Down Payment Myths Could Be Hurting You

man in sunglasses with fanned out cash

In a post published recently, a panel examined some common real estate misconceptions. Seven Forbes Real Estate Council members sought to correct misinformation they say they encounter most frequently—especially from first-time homebuyers. The errant assumptions were especially noteworthy because they deal with a pivotal element in real estate transactions: down payments.

5 Main Myths

Here are five myths the panelists singled out, followed by the panelists’ corrected notions:
• A large down payment is essential. Yesterday’s predominant 20% ‘normal’ has become today’s 6% or less.
• Only the down payment is needed at closing. Other fees are due at closing.
• Down payments are not necessary. In addition to demonstrating financial strength, down payments lower monthly payments and attract better interest rates.
• Cash is always required for a down payment. Not always, other assets can be pledged (such as a stock portfolio).
• You can put down 3%-5%. Yes, but that’s not the whole story. In addition to closing costs, owning your home also involves insurance, utility, and maintenance expenditures.

Setting the Record Straight

There were seven misconceptions in all, including these two, whose “corrections” seem to disagree:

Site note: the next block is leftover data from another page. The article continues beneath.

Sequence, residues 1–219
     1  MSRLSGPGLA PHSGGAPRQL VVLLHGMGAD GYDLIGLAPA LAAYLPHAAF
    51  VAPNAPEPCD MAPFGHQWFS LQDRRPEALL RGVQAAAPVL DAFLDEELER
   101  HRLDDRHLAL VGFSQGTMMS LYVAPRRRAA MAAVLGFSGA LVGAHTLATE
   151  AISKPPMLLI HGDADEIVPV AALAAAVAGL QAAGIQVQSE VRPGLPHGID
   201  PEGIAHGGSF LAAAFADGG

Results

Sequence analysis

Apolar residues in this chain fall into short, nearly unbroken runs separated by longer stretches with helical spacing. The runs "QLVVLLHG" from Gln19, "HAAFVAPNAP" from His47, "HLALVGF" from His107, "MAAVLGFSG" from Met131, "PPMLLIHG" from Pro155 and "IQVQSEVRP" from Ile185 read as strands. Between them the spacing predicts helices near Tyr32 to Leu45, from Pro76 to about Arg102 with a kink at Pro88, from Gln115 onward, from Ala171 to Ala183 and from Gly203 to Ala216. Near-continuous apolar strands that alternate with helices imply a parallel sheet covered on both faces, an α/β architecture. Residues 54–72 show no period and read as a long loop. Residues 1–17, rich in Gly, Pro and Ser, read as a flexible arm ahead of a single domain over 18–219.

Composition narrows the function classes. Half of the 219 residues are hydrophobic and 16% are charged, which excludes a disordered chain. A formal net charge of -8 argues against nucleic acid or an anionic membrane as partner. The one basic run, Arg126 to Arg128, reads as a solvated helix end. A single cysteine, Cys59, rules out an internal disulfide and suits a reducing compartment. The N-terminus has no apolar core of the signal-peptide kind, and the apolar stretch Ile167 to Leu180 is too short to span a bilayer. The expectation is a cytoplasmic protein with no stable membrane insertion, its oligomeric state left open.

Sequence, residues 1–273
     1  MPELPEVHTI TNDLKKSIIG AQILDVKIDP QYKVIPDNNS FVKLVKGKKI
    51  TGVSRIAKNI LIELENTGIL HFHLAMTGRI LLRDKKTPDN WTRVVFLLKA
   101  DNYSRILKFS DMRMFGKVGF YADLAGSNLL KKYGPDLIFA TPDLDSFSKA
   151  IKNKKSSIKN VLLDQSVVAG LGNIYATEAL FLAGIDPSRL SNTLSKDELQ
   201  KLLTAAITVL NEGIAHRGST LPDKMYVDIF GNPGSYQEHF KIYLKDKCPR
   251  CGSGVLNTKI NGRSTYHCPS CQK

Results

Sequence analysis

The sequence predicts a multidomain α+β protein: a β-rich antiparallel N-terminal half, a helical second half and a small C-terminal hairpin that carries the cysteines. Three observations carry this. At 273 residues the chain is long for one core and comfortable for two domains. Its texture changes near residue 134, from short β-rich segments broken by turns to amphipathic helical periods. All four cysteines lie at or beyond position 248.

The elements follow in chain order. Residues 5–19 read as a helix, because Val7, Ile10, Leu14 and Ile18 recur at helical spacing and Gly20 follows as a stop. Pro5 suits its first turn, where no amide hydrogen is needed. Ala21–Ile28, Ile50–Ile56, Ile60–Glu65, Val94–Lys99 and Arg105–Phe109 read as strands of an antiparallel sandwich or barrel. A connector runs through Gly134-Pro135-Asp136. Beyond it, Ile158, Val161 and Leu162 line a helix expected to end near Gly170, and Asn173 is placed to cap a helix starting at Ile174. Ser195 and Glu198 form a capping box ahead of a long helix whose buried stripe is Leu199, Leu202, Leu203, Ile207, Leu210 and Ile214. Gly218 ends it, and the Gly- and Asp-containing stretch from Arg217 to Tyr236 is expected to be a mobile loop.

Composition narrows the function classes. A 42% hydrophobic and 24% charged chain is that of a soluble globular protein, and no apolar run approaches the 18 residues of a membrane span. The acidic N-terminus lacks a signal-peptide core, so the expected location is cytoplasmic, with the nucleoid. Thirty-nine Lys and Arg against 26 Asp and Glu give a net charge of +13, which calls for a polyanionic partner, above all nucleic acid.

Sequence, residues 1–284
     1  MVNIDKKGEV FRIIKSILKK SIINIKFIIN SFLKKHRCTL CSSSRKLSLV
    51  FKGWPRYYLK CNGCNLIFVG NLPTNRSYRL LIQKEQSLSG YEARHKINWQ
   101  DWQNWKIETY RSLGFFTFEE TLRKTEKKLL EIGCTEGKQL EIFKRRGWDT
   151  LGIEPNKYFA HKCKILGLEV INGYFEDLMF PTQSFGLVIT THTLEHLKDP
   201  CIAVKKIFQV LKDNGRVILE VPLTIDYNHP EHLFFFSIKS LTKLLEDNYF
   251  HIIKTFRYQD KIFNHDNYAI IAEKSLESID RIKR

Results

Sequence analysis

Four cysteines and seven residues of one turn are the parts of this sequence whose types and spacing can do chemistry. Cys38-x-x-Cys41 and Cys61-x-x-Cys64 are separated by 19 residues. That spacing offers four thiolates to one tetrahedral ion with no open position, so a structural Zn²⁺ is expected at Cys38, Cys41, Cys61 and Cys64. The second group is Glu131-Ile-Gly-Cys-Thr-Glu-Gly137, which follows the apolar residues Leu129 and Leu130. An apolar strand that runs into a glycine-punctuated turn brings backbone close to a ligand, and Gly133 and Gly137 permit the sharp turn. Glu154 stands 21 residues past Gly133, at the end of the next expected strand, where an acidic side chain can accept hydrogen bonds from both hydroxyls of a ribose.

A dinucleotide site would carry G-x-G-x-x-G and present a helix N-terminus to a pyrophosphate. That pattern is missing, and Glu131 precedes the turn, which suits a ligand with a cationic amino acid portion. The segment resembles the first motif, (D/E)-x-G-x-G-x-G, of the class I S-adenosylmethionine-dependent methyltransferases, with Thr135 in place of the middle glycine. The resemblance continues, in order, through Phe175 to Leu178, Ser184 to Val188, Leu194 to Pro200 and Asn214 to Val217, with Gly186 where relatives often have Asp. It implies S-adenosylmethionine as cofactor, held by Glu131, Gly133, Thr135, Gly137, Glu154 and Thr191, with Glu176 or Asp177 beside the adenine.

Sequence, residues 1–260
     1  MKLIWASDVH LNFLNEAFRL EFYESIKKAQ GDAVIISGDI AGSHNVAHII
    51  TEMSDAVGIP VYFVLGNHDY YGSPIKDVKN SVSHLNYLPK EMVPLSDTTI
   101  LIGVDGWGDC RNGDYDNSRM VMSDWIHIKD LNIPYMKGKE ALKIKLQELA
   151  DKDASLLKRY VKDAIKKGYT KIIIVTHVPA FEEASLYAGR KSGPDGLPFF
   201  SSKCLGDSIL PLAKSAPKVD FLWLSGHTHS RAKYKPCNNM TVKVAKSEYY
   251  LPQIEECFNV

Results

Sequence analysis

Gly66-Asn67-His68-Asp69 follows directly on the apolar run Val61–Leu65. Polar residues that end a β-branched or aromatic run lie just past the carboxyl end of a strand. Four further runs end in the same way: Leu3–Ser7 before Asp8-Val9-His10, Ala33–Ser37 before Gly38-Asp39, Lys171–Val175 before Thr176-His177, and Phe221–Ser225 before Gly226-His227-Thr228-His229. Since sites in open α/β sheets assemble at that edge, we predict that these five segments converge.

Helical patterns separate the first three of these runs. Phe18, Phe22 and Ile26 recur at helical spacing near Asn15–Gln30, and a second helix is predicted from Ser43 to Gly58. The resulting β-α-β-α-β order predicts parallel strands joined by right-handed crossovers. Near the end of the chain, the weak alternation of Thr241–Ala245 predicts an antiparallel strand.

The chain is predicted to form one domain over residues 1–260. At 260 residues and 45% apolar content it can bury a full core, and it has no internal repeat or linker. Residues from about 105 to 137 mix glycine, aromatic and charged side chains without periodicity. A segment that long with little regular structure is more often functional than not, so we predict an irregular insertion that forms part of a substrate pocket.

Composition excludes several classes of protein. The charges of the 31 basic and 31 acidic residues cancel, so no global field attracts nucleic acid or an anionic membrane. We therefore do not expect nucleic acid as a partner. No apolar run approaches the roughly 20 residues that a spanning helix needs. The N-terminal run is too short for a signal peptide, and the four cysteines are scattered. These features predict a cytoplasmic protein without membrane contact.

• “A lower down payment makes for a poor offer” was corrected with “one should not feel like their profile is less appealing just because they are taking on greater than 80% financing.”
That would be good news were it not for this:
• “There’s no need to put down more than 20%” brought this correction: “…a large down payment reduces the risk to the seller that an offer will fall out of contract due to a property not appraising at the offer value.”

In all cases, it’s good to remember that the down payment amount affects the degree of risk to the lender, not the seller. The only reason the seller might be concerned is if the offer can’t be financed because the mortgage amount (selling price minus down payment) is higher than the property’s appraisal will support. Putting those last two in the list illustrates how even real estate professionals have different ideas about what factors a seller might use to choose the winner when multiple offers are on the table.